Amsterdam-based design office Tjep. revealed Zwerm, a major new landmark and permanent interactive light installation in Eindhoven, The Netherlands. Developed in collaboration with construction company Heijmans and lighting specialist Signify, Zwerm forms a striking and futuristic addition to the new Montgommery overpass.
Zwerm (swarm in Dutch) has landed to become a living organism in the public space. The work represents an abstract swarm of birds with its 700 steel elements and 1400 individually controlled LED lights. They are animated to move along with the traffic. The circulation density and weather conditions respectively affect the behavior and color of Zwerm.
Designer Frank Tjepkema from Tjep. was inspired by the elusive yet coordinated flight patterns of large groups of starlings. To visually connect the upper and lower streams of traffic along the overpass, Tjepkema created one continuous ribbon of birds with a span width of 21 meters and has a total continuous length of over 200 meters. Because the structure is connected to the passage on just four points, Zwerm seems to be literally floating in the air. Movements in traffic are coordinated and highly synchronized just as forms of circulation in nature, from an ant colony to a swarm of bees, fish or birds. Frank Tjepkema: “The continuously responsive movements of Zwerm make it not just another static work of art in the city but truly a living organism integrated in the urban landscape.“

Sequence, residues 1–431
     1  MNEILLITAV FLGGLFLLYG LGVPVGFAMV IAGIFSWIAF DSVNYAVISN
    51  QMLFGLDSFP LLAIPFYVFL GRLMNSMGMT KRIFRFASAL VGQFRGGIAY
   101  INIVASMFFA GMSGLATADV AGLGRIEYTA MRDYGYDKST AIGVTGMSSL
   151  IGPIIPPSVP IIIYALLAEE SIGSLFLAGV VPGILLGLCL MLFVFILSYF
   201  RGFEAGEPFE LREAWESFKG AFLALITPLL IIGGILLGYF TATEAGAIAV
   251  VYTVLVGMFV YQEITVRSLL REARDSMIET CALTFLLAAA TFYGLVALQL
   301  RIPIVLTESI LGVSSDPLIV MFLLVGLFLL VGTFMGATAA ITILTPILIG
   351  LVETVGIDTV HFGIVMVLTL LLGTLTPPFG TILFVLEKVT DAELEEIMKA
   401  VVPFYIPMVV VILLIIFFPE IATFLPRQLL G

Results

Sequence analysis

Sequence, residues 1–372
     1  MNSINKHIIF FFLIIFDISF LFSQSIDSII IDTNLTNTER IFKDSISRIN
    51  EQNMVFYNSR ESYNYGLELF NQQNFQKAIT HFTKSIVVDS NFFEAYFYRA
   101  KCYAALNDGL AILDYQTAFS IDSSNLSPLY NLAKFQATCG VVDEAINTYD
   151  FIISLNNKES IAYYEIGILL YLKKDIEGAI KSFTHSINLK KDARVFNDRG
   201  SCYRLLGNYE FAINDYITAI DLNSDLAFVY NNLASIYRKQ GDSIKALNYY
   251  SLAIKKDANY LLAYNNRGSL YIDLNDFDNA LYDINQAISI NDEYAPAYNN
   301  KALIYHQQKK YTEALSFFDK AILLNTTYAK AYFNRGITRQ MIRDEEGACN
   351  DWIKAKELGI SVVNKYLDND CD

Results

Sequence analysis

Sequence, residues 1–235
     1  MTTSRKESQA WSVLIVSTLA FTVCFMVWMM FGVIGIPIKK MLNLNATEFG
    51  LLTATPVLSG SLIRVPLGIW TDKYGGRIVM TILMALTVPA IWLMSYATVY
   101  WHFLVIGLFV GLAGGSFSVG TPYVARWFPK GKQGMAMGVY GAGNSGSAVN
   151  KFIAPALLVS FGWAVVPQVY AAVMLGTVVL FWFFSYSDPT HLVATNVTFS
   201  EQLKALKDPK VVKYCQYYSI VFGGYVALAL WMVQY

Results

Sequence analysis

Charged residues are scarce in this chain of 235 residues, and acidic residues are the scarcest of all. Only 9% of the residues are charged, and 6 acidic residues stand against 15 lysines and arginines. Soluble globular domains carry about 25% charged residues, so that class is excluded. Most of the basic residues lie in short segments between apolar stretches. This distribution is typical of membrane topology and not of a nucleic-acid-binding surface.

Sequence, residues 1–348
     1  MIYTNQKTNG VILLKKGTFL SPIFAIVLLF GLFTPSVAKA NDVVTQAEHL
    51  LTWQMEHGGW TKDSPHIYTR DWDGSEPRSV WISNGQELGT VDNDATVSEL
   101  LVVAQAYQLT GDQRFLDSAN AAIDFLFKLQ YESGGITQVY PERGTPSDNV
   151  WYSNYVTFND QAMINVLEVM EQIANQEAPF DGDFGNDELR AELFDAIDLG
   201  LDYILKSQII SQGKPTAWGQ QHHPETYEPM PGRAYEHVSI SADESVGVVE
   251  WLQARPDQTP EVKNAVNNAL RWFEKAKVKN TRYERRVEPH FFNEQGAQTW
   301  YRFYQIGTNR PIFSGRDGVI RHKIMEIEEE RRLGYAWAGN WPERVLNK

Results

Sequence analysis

At first, the municipality of Eindhoven commissioned Frank to create a light sculpture inside the underpass along two designated narrow strips, but during initial co-creation sessions with local residents, the ambition of the project was elevated to a landmark for the ‘city of Light’ (as Eindhoven is also called).
Tjep. is also responsible for two other recent major art projects: the Bicycloud on the Rokin in Amsterdam, a poetic work of art and bicycle storage that extends over more than 100 meters, and Air Cells, four towers of 6 meters height, recently put into use for the ventilation of the Amsterdam Spaarndammer tunnel.